Welcome back to the Malazan Empire! This time, instead of another prequel, we’re picking up roughly a decade after the events of The Crippled God. So before we dive into our discussion of the opening few chapters of Steven Erikson’s The God Is Not Willing (TGINW), we thought it prudent to offer up a bit of a refresher on what’s what, where’s where, and who’s who, not to mention who is still alive, who’s dead, who is still dead, who was alive then dead then alive again and is still alive, who was alive then dead then, well, you get the idea. Though it needn’t be said, I’m going to say it anyway: Given that this is a recap of pertinent events and people from the Malazan Book of the Fallen (MBoT), there will be spoilers—sundry and specific—for, well, all of it (no spoilers here for The God Is Not Willing, though). That said, what this is not is any attempt at a full plot summary, because let’s face it, that would be absurd…
Genebackis is one of the larger continents of the Malazan Empire. Once home to the “Free Cities,” it has for some years now been under the dominion of the Empire. Its most famous and largest city, lying in the middle of the landmass, is Darujhistan, “The City of Blue Fire”, so named for its use of natural gas to light the city. The far north of the continent holds the Laederon Plateau, home to the Teblor.
These are MBoTF characters who will either appear or are referenced in TGINW, or whose actions reverberate in the novel (in other words, appearing in this list doesn’t mean they show up in the new book). And because I’m guessing many reviewers will label TGINW as more “accessible” than the main sequence, meaning some readers might enter the universe here (though I’d advise against it myself), I’m going to include some very basic info for rookies while still trying to keep the descriptions as brief as possible. Finally, a reminder that in this series, “dead” does not equal “inactive.”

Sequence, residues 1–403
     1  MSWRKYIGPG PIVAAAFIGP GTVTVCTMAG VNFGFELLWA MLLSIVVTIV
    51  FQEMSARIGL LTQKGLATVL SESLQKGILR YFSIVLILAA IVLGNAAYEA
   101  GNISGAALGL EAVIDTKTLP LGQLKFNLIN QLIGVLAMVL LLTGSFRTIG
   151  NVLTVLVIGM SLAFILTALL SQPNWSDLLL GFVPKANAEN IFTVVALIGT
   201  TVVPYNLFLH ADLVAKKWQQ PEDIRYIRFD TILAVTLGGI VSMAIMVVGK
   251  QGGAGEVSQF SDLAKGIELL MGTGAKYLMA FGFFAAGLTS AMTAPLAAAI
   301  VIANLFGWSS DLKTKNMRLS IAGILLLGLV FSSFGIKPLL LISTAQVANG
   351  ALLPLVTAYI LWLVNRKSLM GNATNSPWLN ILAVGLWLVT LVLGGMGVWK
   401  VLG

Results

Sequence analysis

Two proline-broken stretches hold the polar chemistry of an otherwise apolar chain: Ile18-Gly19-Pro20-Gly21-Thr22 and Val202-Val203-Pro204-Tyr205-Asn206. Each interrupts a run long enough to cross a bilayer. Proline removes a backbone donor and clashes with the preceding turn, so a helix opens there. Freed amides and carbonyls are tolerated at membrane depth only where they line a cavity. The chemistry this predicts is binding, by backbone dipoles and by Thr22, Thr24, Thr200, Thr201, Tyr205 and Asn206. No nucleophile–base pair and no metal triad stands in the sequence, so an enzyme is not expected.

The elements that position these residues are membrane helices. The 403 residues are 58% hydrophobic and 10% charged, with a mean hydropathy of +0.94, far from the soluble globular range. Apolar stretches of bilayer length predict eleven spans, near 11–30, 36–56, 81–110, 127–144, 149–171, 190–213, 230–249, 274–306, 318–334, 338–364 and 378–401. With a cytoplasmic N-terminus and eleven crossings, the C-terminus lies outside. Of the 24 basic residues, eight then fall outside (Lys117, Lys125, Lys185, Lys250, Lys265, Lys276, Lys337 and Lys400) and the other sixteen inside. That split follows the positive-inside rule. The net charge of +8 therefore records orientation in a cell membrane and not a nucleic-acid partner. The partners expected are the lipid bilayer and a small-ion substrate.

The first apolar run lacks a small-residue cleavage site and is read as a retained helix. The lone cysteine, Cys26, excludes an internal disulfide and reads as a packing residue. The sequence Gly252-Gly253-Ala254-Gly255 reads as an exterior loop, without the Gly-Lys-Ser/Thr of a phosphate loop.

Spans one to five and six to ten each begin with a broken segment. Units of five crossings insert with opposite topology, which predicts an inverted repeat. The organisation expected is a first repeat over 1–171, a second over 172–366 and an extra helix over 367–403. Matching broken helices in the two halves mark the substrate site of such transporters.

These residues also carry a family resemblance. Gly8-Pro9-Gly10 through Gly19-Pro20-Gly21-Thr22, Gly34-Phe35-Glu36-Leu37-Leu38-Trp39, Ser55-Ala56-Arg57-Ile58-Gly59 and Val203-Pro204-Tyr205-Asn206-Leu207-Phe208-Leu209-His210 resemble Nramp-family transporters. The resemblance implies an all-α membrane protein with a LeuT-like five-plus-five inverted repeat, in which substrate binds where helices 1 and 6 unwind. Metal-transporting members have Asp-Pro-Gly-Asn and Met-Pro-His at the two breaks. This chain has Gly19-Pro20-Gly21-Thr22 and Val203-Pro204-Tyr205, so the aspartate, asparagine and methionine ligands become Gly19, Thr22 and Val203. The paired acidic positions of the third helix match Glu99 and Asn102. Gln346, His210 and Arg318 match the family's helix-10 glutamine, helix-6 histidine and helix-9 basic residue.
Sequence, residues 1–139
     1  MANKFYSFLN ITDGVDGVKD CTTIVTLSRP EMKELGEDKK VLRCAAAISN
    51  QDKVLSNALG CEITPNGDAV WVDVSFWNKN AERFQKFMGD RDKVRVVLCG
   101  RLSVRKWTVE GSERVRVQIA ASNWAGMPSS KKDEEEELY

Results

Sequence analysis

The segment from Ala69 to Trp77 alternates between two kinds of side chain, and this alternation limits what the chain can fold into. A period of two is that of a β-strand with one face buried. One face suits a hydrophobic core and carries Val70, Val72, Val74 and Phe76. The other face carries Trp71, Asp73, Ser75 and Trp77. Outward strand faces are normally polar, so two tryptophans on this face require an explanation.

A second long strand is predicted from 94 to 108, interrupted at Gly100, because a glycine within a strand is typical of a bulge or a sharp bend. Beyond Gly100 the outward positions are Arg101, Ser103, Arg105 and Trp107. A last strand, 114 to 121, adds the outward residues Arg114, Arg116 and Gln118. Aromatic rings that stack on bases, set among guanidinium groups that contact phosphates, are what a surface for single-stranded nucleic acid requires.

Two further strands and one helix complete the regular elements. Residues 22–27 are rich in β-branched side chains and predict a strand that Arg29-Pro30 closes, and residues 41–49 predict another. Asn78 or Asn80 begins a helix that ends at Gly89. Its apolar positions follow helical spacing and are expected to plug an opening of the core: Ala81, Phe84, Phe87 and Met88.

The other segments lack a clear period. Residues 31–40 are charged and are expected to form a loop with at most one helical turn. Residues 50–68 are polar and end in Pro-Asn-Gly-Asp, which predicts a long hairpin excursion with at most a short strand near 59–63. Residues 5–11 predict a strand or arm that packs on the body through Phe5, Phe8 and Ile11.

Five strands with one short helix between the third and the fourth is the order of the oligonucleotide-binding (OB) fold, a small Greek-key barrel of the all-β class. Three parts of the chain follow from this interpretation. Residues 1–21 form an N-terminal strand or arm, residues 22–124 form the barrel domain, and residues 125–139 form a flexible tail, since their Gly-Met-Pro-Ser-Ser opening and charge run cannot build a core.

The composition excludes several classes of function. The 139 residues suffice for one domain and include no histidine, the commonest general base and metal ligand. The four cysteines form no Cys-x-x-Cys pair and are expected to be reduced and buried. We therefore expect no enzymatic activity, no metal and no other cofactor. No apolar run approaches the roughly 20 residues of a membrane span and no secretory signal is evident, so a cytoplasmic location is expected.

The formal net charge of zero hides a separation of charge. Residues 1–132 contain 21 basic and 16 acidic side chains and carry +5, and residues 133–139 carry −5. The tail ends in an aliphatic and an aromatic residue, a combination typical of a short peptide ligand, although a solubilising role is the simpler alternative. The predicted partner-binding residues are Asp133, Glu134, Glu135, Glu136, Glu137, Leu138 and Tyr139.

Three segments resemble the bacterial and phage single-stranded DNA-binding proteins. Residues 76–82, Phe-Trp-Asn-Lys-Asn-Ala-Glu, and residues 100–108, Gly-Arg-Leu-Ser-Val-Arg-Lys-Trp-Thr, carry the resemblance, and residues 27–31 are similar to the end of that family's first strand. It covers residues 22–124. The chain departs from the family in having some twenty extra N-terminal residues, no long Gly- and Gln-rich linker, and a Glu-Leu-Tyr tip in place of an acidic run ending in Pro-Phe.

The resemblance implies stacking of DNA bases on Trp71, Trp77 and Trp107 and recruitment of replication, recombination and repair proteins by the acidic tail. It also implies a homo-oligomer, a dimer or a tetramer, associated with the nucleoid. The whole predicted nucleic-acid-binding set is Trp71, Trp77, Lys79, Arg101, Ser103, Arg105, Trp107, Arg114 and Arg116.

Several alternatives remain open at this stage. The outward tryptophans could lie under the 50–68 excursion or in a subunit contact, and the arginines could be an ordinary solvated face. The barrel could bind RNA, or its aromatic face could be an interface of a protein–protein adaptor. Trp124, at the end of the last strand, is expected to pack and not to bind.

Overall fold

- Karsa Orlong: A warrior of the Teblor—a giant, long-lived people who reside in northern Genebackis. Karsa is a nearly unstoppable force, almost impossible to kill, nearly entirely immune to magic, and a slayer of many (including gods). When still a “youngster,” he and two friends left their mountain home and raided Silver Lake, a small town of human southlanders (or “children,” as the Teblor call them). Though they killed many, Karsa’s friends died, and he was captured and made a slave, though he later escaped. Because of tattoos on his face, he is known also as “The Shattered God.”
- Damisk: A Nthii lowlander from northern Genebackis. He fought on the losing side against the Malazan army and then worked as a guard/hunter in Silver Lake for the slave master/trader Silgar (the Empire has since outlawed slavery). He was involved in Karsa’s enslavement, but was arrested and sent along with Silgar, Karsa, and others to the Otataral Mines, though they never got there. In their travels, Damisk sided with Silgar against Karsa, but eventually Karsa got the upper hand, capturing Silgar while Damisk fled. Since then Damisk has been in Silver Lake hunting.
- Dayliss: A Teblor woman. Karsa and his friend Bairoth, who accompanied him on the raid of Silver Lake, both vied for her attention, though in reality the “vying” was all in Karsa’s mind as she had for some time made her preference for Bairoth known to him and was in fact pregnant with Bairoth’s child when he and Karsa left.
- Kellanved/Shadowthrone and Dancer/Cotillion: Partners in crime (literally) who created and expanded the Malazan Empire, with Kellanved serving as Emperor until he and Dancer were killed by another partner, Surly, who then claimed the throne as Empress Laseen. Kellanved and Dancer “ascended” (a post-death transformation into something greater—sometimes but not always godhood) and now kinda sorta rule the Shadow realm, from where they occasionally slightly meddle in mortal affairs and often annoy the other Great Powers.
- Mallick Rel: Current emperor. (I hate Mallick Rel.)
- The Bridgeburners: A fabled company of the Empire’s army, they’ve since mostly died (a few remain alive) and ascended. They now guard the land of the dead.